At the risk of being booted from the academy, let me suggest practitioners have plenty of evidence and much of it is incredibly powerful. "Intuitive knowledge" and "speculative analysis" oftentimes will rival more "scientific evidence." So too will values. So too at times will "stories," and yes, even "anecdotes," a fact well known to colleagues shaping policy in special education. There is a spectrum of legitimate types of evidence, some of which feel more authentic to colleagues in practice. Pretending that we have a monopoly on evidence is not only incorrect but it marginalizes practice. It almost guarantees that our efforts will produce inert material. Using ideas from colleagues in teaching and learning (Cochran-Smith & Lytle, 1999), we need much greater focus on evidence in practice and evidence of practice, with some dialing back on evidence for practice. We also need to be able to situate "scientific evidence" in the ways data exist in schools.

The Sun Revolves around the Earth
We have also marginalized practice and continue to do so by routinely privileging university culture over the culture of practice. In the face of a good deal of evidence to the contrary, we hold steadfast to the notion that the earth is the center of the universe. Begin with an examination of the "center of gravity" in our programs. The core scaffolding has been, is now, and looks as if it will remain perpetually the academic disciplines. Why is this? Because practitioner colleagues are calling out for such a framework? Because of the long and successful track record of its positive impact on the quality of leadership in schools? I do not believe answers are to found here. We feature disciplines because they are what we know and who we are, or who we would like to think we are, not because they have any established linkages with the needs and interests of practitioner colleagues.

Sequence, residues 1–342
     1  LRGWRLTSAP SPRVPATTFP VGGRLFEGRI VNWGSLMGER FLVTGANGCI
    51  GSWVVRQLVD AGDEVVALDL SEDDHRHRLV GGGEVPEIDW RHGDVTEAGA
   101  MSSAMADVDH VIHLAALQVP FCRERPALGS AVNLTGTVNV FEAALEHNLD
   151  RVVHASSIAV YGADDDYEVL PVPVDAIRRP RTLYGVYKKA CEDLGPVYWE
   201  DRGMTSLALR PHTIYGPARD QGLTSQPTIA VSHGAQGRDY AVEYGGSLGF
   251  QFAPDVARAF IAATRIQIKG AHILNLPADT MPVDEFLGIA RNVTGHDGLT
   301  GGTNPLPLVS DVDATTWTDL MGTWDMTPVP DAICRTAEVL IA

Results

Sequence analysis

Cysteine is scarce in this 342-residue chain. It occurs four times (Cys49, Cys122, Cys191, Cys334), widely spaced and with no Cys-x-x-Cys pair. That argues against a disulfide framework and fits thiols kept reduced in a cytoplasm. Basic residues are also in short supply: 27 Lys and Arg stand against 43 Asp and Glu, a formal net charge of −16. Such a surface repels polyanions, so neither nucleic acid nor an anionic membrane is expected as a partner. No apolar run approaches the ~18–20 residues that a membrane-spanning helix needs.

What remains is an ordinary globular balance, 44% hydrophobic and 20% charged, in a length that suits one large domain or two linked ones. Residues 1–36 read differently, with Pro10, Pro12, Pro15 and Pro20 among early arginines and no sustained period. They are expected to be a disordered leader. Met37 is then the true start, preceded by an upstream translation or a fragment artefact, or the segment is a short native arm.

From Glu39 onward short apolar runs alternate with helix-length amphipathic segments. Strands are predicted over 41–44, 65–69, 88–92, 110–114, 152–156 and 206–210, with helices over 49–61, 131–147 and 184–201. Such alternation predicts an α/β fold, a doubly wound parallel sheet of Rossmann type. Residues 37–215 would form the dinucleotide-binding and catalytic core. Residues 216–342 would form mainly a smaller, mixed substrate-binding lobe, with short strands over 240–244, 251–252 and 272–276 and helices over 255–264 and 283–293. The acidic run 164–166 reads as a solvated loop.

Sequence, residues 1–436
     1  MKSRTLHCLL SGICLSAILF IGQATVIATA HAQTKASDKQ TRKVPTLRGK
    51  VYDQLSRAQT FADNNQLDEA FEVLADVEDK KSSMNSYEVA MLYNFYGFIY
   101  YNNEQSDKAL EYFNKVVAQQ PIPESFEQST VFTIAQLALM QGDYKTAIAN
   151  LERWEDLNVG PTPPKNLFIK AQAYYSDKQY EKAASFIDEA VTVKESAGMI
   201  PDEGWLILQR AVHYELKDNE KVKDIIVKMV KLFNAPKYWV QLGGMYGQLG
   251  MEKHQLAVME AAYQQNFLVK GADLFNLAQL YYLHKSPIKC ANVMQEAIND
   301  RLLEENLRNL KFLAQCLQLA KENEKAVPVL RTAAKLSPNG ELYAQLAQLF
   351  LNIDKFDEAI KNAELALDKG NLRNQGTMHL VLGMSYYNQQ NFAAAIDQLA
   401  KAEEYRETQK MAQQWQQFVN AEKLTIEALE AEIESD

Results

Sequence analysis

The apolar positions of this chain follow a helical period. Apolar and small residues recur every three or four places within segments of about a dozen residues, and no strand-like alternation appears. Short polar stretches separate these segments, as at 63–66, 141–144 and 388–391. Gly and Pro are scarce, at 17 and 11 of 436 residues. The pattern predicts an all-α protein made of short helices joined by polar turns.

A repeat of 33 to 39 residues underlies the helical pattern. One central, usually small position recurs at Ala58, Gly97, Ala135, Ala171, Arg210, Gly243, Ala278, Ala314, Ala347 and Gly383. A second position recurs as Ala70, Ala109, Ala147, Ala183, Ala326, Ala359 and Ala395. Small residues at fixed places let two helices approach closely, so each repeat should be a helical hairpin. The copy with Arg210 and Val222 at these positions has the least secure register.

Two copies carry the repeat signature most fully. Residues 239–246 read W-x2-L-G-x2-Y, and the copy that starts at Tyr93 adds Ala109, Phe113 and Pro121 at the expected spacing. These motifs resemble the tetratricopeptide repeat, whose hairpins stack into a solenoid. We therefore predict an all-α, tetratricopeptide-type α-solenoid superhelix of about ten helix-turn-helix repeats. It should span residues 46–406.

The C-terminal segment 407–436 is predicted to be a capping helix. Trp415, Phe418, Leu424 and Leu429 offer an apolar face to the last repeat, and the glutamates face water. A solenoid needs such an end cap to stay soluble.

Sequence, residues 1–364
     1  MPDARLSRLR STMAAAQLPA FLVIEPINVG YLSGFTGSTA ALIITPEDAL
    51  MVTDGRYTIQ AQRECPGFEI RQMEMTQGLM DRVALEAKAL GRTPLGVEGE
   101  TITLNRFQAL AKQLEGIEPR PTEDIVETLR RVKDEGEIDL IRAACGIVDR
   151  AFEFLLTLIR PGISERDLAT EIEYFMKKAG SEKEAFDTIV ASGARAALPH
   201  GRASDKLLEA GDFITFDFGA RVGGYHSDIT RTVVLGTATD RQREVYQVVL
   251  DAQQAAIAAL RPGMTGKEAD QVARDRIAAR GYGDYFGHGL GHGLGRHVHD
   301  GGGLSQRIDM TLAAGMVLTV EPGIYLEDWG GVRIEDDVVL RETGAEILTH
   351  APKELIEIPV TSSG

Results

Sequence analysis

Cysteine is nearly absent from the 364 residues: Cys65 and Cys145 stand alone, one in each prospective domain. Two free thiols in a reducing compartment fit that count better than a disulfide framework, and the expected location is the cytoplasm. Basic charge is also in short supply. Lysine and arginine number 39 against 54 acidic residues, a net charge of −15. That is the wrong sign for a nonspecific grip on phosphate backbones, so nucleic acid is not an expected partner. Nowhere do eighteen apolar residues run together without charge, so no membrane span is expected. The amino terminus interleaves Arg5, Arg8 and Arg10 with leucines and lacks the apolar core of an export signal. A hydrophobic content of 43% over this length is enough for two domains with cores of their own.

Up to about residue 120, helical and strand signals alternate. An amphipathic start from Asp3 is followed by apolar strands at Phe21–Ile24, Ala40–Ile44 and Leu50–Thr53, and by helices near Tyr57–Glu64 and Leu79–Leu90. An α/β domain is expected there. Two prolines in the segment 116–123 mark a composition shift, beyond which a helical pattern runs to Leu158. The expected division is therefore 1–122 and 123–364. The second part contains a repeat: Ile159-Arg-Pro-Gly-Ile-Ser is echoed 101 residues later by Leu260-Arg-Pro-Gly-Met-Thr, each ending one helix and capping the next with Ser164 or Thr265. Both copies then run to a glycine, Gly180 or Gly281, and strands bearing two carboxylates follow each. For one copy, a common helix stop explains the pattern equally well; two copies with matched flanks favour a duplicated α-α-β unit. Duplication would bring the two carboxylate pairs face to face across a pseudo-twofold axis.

We have already reported on the requirement for everyone to worship our data gods, not those from practice. And since we control what gods are supposed to look like, we are untroubled by this fact. It feels and looks right seen from the university hilltop. One need look no further than the "typical" doctoral program for future school leaders to assess this claim. First, we offer a series of "methods" courses carved from psychology and anthropology. Much of this bears limited (nice interpretation) to little (harsher view) relationship to the "methods" required to run a school. But since the sun revolves around the earth, we tend not to trouble ourselves about this. We then culminate this oddity with a major assignment that is generally tangentially linked to the world of practice, and is rarely worth the time and effort required for the undertaking. But of course this assignment fits quite comfortably with the work that we do. And we do this because we are ascendant. We are more concerned with integrity (nice interpretation) or appearances (harsher view) of our world than with requirements of the world of practice. In the process, we have becomes dispensers of less-than-useful knowledge and defenders of a system that brutalizes practitioners who cannot master unneeded tools in the service of a largely useless assignment. And our "conversations" around theses "failures" are sometimes less than charitable, and always comfortably assign blame to the victims. For over 30 years, I have routinely asked why we do this. I have never received an answer that was not either a full flown falsehood (e.g., so they can read research articles critically) or platitudes unworthy of professors (e.g., it helps them lead more effectively).